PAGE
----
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My French Home Renovation reminiscences!

The French farm house, The Good Life France

My French home renovation reminiscences – as renovation continues unabated on this old farm house in Pas-de-Calais, northern France, I was remembering how it was when I first bought it and wondering why on earth we did it?

At the beginning of this project I made a huge list of jobs that needed to be done and then I broke it down to see what equipment we needed and what supplies were required. I’m an ex project manager so I can’t help myself! Then I looked at dependencies – for instance we couldn’t move to a room upstairs in the house – because there were no stairs!  Well, there was a stair case but it was tiny and twisted, like it had been built for pixies!  I could manage it but it wasn’t safe and the OH had to bend double to get up it. At the top beams were precariously positioned so that to get to the floor you had to climb over or under a beam.  The OH once slipped at the top of the stairs and cut his head on a beam which left a 3 inch gash right across the front of his head.  For about a month afterwards he looked like a walking money box!

Apart from dependencies there were also priorities to list – number one being we needed a bathroom and loo.  The previous occupants had simply plumbed in a free standing shower unit – at the top of the stairs! It was on the “landing” – an area upstairs which had a floor (not all of the upstairs had a floor) that was relatively stable. There was a bare bulb hanging out of the wall and the walls and ceiling were lined with ply wood to keep the worst of the elements out.  This was critical as in some places on the roof we could see outside as there were great gaping holes where tiles were missing or bad renovation work had simply opened up huge holes and been left.  Anyway, you can imagine my joy at realising that any stay at this old house would involve showering in that “room”.  The loo was in a “box” off the kitchen. I say box as the owners had simply put up a wall and door in the corner and plumbed a loo with a pipe to the septic tank – it was unspeakably revolting and condensation ran down the walls and formed pools of grimy water on the floor – a hideous off white tiled affair.

Walls, doors, windows and roofs were a problem, The Good Life France

Some parts of the house had a corrugated plastic or metal roof, rusted, hole-ridden and ineffective roof coverings at best.  Some walls had fallen down, some windows were missing, an acro prop was holding one end of the house up where someone had cut an opening in the end wall – and and then built more house on the other side of the gap! My  Dad had told me I was wasting my money, it was beyond redemption.

The OH and I spent all of our holidays and at least one weekend every month at the house. We tried to work through the jobs but with an acre of land most of our weekends were taken up with just cutting the grass and trying to control the hedges, trees and weeds!  When we could do real work, we concentrated on laying concrete floors – a lot of the rooms had earth floors still and there’s not much point in doing any nice decorating when you don’t have a floor (or walls, a roof, windows…).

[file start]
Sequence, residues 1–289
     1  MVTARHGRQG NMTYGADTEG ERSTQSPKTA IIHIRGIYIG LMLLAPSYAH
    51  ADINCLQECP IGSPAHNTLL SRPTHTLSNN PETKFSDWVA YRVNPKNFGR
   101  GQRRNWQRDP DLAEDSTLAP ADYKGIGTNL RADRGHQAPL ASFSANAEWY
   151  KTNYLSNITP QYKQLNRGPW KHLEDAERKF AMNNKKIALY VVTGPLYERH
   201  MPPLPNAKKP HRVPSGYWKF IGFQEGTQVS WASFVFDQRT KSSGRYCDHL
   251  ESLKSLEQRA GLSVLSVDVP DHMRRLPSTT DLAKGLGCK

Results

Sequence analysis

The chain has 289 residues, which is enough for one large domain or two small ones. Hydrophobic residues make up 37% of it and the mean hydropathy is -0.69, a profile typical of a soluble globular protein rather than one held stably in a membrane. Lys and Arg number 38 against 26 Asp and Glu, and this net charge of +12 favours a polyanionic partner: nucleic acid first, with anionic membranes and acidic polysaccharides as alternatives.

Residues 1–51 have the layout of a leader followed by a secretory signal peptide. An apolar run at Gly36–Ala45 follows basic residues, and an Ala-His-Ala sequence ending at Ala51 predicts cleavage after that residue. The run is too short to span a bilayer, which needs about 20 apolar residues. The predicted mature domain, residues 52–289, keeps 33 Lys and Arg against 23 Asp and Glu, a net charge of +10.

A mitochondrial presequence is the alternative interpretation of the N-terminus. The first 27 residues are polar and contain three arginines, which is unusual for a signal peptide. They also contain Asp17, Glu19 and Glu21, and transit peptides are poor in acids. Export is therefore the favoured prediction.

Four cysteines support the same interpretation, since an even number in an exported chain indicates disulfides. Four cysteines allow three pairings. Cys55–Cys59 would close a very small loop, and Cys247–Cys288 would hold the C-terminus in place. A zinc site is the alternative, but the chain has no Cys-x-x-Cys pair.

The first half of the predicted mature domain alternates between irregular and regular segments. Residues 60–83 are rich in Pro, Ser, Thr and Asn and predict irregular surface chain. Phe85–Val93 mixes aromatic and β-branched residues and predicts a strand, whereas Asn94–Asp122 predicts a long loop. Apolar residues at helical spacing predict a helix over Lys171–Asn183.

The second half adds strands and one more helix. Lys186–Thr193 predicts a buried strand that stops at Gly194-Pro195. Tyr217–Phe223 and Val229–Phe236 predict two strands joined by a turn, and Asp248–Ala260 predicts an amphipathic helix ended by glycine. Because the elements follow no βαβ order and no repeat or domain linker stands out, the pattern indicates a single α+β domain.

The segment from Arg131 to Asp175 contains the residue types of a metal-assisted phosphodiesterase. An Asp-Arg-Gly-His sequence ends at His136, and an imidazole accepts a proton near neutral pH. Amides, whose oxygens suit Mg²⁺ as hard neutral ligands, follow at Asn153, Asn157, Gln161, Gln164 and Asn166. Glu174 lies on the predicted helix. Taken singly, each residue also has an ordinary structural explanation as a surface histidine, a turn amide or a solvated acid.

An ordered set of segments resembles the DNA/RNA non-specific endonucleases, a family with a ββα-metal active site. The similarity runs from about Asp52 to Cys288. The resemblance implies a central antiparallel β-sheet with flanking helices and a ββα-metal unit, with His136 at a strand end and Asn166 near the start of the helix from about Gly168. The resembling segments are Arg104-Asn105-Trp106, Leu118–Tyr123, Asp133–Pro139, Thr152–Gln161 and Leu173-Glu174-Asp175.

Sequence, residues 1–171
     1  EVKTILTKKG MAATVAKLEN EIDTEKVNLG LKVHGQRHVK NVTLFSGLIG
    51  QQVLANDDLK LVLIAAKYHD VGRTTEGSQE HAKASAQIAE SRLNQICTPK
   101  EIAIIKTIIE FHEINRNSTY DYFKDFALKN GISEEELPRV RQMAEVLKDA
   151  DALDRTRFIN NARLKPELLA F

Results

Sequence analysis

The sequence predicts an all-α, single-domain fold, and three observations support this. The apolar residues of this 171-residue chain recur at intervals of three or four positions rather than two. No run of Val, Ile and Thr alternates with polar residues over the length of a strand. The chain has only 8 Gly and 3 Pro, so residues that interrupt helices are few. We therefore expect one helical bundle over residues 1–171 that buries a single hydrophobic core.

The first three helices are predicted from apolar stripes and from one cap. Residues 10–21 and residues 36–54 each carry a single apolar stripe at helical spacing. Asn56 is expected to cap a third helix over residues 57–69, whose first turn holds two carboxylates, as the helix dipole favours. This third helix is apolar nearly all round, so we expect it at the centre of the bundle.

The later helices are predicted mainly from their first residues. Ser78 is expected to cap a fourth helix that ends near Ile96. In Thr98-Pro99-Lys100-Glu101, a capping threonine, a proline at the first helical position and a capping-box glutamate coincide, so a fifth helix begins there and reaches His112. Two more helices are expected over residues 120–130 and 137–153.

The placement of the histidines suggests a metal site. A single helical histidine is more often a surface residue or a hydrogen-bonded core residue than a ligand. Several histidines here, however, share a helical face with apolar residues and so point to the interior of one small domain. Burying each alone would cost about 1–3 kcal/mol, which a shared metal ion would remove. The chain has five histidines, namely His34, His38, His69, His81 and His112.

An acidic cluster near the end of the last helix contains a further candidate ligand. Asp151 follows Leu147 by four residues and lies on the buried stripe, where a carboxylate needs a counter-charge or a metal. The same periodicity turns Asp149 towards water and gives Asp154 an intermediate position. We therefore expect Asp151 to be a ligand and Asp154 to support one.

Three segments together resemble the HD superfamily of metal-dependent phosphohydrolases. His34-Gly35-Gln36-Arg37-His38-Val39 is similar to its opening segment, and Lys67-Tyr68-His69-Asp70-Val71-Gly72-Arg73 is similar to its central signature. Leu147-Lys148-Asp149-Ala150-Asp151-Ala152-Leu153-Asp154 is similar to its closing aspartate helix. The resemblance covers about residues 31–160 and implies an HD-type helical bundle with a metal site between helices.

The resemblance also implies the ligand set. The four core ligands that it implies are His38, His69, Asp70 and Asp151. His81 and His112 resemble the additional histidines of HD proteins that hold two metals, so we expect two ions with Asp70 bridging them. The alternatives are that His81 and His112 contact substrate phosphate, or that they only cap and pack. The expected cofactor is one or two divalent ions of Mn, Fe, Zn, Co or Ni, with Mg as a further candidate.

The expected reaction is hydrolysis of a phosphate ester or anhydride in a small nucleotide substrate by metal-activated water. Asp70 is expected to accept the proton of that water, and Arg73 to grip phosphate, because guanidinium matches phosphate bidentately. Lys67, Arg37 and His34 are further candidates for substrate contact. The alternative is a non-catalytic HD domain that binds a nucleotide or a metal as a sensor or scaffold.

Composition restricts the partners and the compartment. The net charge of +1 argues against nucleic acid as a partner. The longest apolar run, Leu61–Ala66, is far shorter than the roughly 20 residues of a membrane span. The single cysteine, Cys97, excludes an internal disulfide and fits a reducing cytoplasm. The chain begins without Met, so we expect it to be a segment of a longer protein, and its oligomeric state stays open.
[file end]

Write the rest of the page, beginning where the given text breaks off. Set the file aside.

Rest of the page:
You’re probably wondering why on earth I bought this house aren’t you?  Believe me over the last ten years or so that I’ve had it, I have asked myself that plenty of times!

There were though many reasons that I fell in love with this ruined old place. First and foremost I wanted to be able to relish the French way of life. I’d lived in London my whole life and wanted to be able to enjoy fresh air and country living and though I could get that in the UK – it would have meant working at my corporate job until I dropped.

When I saw the house I had an instant connection, a feeling that this house was meant to be mine. I seriously didn’t consider the disgusting loo, the dodgy stair case, the fact that there was only one wood fire to heat five enormous rooms downstairs and no heating at all upstairs.  I didn’t even think about having to rebuild seven rooms downstairs that were missing walls and/or roofs and worry about how we’d manage.

The beams in the French farm house, The Good Life France

I saw an ancient old building, an authentic French farmhouse that had not been loved for a long time that had the potential to be a beautiful home. I loved the old beams everywhere, the huge garden, the flint stone walls in the older part of the house, the tranquility of the village.

Of course I had rose coloured glasses on!  I should have thought about it more but if I had it would have scared me too much and I wouldn’t have done it and then we wouldn’t have this house that is just now starting to be home. I read back now through my old notes and diaries and despite the fact that here we are – still plastering, laying floors and building after several years we’ve come an awful long way.

A bientôt


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